Water Safety

Swimming and other water activities are excellent ways to get the physical activity and health benefits needed for a healthy life. Get the most from the activities while helping everyone stay safe and healthy.

Parents and caregivers play a key role in protecting children from drowning. When kids are in or near water, closely supervise them at all times.

Help prevent recreational water illnesses, which is an illness caused by germs and chemicals found in the water we swim in. Keep the pee, poop, sweat, and dirt out of the water. Take kids on bathroom breaks and check diapers every hour, and change them in a bathroom or diaper-changing area.

Stay safe while boating by wearing a life jacket. Properly fitted life jackets can prevent drownings and should be worn at all times by everyone on any boat.

Sun Safety

Just a few serious sunburns can increase your child’s risk of skin cancer later in life. Adults and children need protection from ultraviolet (UV) rays whenever they are outdoors. Learn how to protect your child from sun damage.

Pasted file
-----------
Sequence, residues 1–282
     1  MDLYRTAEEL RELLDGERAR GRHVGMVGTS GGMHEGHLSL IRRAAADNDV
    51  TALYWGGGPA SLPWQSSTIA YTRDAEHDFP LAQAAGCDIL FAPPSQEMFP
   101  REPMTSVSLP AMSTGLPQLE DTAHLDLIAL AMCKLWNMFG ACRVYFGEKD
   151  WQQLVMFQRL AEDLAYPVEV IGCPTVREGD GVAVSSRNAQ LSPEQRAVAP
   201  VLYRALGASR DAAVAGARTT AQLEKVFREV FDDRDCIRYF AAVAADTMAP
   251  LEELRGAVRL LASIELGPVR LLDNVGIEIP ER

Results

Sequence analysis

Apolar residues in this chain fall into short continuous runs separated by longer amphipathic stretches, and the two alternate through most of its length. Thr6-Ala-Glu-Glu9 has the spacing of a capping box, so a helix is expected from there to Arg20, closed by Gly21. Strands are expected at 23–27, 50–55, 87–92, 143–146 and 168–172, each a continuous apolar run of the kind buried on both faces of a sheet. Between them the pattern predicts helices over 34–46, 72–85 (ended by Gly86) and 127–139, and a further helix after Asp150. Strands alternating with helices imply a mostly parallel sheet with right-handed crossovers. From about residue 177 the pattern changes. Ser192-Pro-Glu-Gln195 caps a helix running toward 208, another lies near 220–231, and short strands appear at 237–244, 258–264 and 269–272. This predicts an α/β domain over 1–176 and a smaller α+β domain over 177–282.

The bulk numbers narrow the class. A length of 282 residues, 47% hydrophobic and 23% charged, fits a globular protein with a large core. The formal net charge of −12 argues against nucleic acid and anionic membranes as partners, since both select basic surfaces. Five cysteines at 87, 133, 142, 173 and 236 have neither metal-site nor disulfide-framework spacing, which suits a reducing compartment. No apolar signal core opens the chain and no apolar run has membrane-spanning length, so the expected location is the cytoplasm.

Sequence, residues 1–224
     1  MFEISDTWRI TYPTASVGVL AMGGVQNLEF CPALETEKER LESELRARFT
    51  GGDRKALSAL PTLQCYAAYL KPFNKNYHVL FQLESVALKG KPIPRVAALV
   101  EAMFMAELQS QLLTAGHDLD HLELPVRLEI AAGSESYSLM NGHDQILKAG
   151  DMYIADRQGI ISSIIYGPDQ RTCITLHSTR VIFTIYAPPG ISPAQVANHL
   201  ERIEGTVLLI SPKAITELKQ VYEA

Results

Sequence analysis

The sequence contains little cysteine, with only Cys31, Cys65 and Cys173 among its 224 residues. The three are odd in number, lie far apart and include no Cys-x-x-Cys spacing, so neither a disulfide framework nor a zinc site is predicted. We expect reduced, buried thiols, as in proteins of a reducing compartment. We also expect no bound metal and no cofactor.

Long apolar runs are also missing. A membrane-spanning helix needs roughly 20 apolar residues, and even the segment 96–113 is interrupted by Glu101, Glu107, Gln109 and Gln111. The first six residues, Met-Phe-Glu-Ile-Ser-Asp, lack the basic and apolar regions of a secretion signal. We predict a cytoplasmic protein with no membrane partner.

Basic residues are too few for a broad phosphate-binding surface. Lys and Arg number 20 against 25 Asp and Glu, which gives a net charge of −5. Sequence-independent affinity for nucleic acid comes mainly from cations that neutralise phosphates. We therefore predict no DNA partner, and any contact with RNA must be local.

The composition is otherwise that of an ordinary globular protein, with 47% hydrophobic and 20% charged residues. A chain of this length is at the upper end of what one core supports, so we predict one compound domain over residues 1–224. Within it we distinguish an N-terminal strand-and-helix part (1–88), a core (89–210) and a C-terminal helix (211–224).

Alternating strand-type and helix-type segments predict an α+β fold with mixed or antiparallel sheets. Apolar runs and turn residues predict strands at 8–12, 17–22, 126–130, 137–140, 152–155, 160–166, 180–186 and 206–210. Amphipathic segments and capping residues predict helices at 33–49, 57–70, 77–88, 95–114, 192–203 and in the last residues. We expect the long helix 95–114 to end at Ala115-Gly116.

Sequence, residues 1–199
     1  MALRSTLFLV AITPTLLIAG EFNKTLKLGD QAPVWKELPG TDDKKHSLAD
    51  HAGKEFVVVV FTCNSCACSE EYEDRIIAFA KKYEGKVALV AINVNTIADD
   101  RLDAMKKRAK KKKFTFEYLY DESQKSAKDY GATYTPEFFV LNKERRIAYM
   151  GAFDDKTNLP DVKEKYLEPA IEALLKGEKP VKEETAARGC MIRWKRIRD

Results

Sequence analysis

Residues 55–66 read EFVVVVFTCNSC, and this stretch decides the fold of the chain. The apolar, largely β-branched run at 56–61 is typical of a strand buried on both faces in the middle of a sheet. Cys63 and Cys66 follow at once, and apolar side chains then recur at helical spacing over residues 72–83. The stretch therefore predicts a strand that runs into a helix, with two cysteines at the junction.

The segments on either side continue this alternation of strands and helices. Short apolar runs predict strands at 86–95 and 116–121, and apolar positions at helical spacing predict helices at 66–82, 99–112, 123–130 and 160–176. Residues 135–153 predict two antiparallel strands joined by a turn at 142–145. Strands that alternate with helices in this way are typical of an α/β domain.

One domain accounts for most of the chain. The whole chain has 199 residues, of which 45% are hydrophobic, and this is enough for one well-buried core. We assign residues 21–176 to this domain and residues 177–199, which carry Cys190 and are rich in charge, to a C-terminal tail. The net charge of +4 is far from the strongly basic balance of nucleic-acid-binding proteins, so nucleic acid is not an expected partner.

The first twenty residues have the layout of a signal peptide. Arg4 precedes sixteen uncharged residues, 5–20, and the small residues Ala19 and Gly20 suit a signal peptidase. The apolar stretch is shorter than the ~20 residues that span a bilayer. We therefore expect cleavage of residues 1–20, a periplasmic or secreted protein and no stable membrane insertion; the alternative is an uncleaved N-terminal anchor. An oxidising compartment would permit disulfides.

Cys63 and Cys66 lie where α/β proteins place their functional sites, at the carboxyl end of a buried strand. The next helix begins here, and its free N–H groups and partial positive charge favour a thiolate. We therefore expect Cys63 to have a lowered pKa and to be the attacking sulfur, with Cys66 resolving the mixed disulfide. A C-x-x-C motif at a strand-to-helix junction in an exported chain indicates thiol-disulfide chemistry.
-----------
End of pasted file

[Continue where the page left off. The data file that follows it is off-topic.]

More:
Seek shade when necessary. UV rays are strongest and most harmful during midday, so it is best to plan indoor activities then. If this is not possible, seek shade under a tree, an umbrella, or a pop-up tent.

When possible, cover up with long-sleeved shirts and long pants and skirts to provide protection from UV rays.

Wear a hat that shades the face, scalp, ears, and neck. If your child chooses a baseball cap, be sure to protect exposed areas with sunscreen.

Wear sunglasses. They protect your child’s eyes from UV rays, which can lead to cataracts later in life.

Use a sunscreen with at least an SPF (sun protection factor) of 15 every time your child goes outside. For the best protection, apply sunscreen generously 30 minutes before going outdoors. Do not forget to protect ears, noses, lips, and the tops of feet.

Home, Work, and Play

Injuries are the leading cause of death in children aged 19 and younger, but most injuries can be prevented.

Play it safe on the playground. Read playground signs and use playground equipment that is right for your child’s age. Look out for things in the play area that can trip your child, like tree stumps or rocks.

Stay smart around the house by following tips on fire prevention, microwave use, and living with pets.

Help working teens learn about safety and health on the job.